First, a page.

Cloning and construction for selected cellulase genes
The reverse-transcribed W5 cDNA was used to clone the selected cellulase genes by PCR using the gene-specific oligonucleotide primers the sequences of which were derived from the transcriptome contigs (Table 5). For each pair, the forward primer was engineered with XhoI (New England Biolabs, Ipswich, Massachusetts, USA) and the reverse primer was engineered with EcoRI (New England Biolabs) recognition sequences to allow for directional cloning into expression vector. After amplification, each PCR was cloned into the pGEM-T easy vector for sequencing. Plasmid DNA from the positive clones were digested by XhoI and EcoRI, and the putative cellulase gene was subcloned into the pPICZ A vector, which contained an AOX1 promoter that can be induced by methanol, and allowed for selection by the antibiotic zeocin. For expression in S. cerevisiae, the ORF of the candidate cellulase gene was fused with the GAPDH promoter and cloned into the pRS426 plasmid and then transformed into yeast cells. The procedures for plasmid preparation, restriction digestion, ligation and E. coli transformation were carried out in accordance with the manufacturers' protocols.
Transformation and cellulase expression in Pichia pastoris
For growing P. pastoris GS115 cells, all cultures were incubated at 30°C with 250-rpm orbital shaking. Procedures for preparation of competent cells were carried out according to the manufacturer's description (Bio-Rad Laboratories). For transformation, 10 μg of each cellulase construct in the pPICZ A vector was linearized with SacI (New England Biolabs) and transformed into yeast P. pastoris GS115 strain by the Gene Pulser Xcell (Bio-Rad Laboratories). The 200-μL electroporated mixtures were plated into YPD medium containing 100 μg/mL zeocin and incubated at 30°C until colonies appeared. The introduction of each cellulase gene into the yeast cell was further confirmed by PCR using the forward and reverse primers of AOX1 promoter (Invitrogen). For expression and induction of the cellulase genes, the protocols were performed according to the Pichia expression system manual (Invitrogen). To monitor the activities of expressed proteins, 1-mL samples from culture were collected every 24 hours. After 1-mL samples were taken, methanol (100%) was added to a final concentration of 0.5% (vol/vol) to maintain induction. To screen for the Pichia transformants expressing high activity of cellulase protein, ten colonies were randomly selected from YPD/zeocin plates and individually cultured in 10 mL of BMMY at 30°C for five days for methanol induction.
Transformation and cellulase expression in Saccharomyces cerevisiae
Yeast BY4741 (MATa his3Δ1 leu2Δ0 met15Δ0 ura3Δ0), a descendant of S288C, was grown overnight at 30°C with 250-rpm shaking. Procedures for the preparation of competent cells were carried out according to the manufacturer's description (Bio-Rad Laboratories). For transformation, 200 ng of each cellulase construct in pRS426 was directly transformed into yeast BY4741 strain using the Gene Pulser Xcell Electroporation System (Bio-Rad Laboratories). The 50-μL electroporated mixtures were incubated in 1 mL of YPAD (1% yeast extract, 2% peptone, 0.04% adenine sulfate, 2% dextrose) and recovered after three hours of incubation at 30°C with 250-rpm shaking. The transformants, after being centrifuged and washed twice with 1 mL of deionized distilled water, were selected on the SC-URA plate at 30°C until URA+ colonies appeared. Only the strains that carried the desired plasmids will survive and form colonies on the SC-URA plate. Ten colonies of transformants from each strain were randomly selected and cultured in 5 mL of SC-URA medium at 30°C for 24 hours, and the harvested supernatants were then screened by the 4-MUC activity. At least three higher-expression colonies of each gene were diluted to 600-nm optical density (OD600) = 0.1 and grown in 50 mL of SC-URA medium at 30°C for 24 hours. The condensed supernatants and collected cell pellets were assayed again.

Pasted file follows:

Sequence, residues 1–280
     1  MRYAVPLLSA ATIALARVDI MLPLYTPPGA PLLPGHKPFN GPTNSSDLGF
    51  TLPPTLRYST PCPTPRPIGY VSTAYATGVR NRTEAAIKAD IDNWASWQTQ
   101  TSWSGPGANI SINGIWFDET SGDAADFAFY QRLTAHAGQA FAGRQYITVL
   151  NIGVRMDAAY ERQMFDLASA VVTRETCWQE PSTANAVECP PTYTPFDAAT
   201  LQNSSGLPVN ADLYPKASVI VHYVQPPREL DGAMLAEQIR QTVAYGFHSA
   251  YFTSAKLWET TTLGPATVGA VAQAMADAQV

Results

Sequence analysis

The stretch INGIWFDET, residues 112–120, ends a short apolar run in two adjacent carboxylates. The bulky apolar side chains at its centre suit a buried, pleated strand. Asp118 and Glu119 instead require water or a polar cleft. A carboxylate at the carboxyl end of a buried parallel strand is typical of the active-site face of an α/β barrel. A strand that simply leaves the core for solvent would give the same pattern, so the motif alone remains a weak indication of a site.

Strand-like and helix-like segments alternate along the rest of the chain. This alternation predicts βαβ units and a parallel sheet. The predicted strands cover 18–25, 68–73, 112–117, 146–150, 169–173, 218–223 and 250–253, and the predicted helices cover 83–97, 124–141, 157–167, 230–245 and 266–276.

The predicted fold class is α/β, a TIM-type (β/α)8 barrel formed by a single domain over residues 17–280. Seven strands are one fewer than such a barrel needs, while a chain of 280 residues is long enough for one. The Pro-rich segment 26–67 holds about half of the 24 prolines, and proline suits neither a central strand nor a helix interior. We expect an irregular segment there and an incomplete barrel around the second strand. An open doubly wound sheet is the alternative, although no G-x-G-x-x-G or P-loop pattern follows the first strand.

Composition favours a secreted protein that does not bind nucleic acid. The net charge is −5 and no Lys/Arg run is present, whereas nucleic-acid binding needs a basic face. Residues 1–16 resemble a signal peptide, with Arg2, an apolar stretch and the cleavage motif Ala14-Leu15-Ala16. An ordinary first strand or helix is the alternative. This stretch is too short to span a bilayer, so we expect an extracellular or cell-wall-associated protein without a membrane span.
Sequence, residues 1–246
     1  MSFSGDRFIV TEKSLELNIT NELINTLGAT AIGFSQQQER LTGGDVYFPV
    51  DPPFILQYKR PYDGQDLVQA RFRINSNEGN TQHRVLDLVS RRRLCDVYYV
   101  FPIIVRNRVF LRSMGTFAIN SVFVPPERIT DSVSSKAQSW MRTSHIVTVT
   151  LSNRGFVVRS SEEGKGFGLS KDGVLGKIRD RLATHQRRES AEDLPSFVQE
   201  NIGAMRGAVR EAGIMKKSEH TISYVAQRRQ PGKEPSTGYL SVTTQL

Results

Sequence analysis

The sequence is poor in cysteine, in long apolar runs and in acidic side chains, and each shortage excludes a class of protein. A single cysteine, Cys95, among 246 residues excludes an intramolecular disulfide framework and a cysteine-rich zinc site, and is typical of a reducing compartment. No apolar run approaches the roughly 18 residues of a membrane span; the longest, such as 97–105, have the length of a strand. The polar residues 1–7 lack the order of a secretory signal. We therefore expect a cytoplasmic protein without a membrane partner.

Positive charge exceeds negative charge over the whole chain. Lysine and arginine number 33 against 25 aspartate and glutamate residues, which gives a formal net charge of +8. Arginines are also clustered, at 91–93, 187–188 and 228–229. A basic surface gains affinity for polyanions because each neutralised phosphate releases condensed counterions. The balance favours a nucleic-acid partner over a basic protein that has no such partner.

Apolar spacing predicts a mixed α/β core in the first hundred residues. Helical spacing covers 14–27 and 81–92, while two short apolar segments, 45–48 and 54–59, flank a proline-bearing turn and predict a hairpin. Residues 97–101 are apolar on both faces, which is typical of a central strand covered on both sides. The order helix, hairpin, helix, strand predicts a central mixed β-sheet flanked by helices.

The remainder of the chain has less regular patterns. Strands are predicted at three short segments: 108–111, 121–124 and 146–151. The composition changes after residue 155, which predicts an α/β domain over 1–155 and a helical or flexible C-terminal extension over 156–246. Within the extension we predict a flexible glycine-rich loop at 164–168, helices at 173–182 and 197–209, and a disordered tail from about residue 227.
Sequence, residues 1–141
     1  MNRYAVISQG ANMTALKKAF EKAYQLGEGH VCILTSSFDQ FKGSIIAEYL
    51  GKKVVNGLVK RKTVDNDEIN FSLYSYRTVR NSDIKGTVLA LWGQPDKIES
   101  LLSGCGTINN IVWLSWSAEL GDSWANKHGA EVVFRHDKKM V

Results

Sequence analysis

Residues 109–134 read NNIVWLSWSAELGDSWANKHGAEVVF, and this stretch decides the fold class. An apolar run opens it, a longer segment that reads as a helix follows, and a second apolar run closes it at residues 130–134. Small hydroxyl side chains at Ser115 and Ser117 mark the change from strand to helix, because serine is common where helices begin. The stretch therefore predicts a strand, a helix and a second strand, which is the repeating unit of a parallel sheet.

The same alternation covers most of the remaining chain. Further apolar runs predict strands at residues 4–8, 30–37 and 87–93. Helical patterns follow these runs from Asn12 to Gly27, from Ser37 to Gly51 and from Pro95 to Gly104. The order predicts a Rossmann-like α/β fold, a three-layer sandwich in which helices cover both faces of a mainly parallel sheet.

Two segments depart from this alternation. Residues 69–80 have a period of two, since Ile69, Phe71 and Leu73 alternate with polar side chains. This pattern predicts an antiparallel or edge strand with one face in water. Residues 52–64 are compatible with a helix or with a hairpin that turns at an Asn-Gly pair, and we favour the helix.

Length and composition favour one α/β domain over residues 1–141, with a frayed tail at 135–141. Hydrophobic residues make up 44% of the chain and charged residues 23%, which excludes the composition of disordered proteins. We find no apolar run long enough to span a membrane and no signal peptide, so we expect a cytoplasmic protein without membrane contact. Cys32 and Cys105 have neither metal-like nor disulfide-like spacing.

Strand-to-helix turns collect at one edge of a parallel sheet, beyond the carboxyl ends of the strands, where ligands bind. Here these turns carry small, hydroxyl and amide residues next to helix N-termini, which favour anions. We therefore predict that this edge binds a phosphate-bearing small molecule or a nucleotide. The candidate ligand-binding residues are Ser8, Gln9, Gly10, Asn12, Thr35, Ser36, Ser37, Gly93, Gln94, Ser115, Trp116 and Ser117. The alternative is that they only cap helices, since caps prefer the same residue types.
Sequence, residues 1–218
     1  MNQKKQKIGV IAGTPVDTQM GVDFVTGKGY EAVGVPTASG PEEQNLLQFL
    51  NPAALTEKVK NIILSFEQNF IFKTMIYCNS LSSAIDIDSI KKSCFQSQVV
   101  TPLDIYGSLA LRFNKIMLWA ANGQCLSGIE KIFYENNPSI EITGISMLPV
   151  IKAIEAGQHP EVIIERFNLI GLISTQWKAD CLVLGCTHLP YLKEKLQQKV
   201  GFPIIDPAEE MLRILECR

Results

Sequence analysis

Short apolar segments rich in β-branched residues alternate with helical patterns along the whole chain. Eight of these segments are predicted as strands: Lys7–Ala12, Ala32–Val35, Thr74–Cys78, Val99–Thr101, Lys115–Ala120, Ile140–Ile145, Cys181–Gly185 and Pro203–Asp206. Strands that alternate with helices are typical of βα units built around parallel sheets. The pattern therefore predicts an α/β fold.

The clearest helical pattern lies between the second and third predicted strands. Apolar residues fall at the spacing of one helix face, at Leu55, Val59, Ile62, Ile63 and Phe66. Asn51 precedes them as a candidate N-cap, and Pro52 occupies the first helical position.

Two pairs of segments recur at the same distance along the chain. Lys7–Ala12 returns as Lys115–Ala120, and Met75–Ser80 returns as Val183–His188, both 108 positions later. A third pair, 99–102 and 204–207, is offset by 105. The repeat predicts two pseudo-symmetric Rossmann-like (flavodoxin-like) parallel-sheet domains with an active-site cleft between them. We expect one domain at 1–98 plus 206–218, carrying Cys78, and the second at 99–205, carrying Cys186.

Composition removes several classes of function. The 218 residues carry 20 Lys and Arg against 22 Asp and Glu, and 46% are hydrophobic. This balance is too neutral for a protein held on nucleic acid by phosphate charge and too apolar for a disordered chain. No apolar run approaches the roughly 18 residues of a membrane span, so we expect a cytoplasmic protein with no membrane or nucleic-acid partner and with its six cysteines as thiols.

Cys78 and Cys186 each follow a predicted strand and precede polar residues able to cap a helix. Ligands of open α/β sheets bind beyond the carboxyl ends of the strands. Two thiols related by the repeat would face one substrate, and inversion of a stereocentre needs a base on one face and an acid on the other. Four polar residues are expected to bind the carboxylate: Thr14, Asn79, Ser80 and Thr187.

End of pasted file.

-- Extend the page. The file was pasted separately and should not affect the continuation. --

Functional screening and activity assay
For the 4-MUC enzymatic assay, 40 μL of the supernatants from the 1-mL sample (collected as described above) were added to reaction buffer (90 mM NaOAc, pH 5) containing 2 mg/mL 4-MUC (Sigma-Aldrich) and incubated for 20 hours at 30°C before addition of stop solution (2% Na2CO3, pH 11). The activity was determined by measuring absorbance at OD450 nm (excitation at 365 nm) using the SpectraMax M2 Microplate Reader (Molecular Devices, Sunnyvale, CA, USA).
To find the best candidates from the ten transformants, 4-MUC assays were repeated to select three colonies that displayed the highest activity for each specific gene. The culture condition was the same as above, except for scaling up culture to 50 mL of BMMY.
To evaluate the activities of the cell pellet, the protein extraction procedure was based on the Pichia expression system manual (Invitrogen). For the 4-MUC enzymatic assay, 40 μL of the pellet extractions from the 1-mL culture harvest were added to reaction buffer (90 mM NaOAc, pH 5) containing 4-MUC at 2 mg/mL and incubated for 2.5 hours at 30°C before addition of stop solution (2% Na2CO3, pH 11). The activity was determined as described above.
For determination of the activities in benchmarks, the genes of CbhI (an exoglucanase of T. reesei), EgIII (an endoglucanse of T. reesei) and BglI (a β-glucosidase of A. niger) were also cloned into the pPICZ A vector and transformed in the Pichia expression system. The primers of these genes were derived from the sequences at the NCBI. Cloning and construction were carried out the same way as for W5 genes. The calculation of specific activity in each cellulase candidate was derived from the raw-read/protein concentration. Then the activities of these cellulases were used as controls to derive relatively specific activity of W5 enzymes for exoglucanse (4-MUC), endoglucanase (dye-CMC) and β-glucosidase (pNPG), respectively.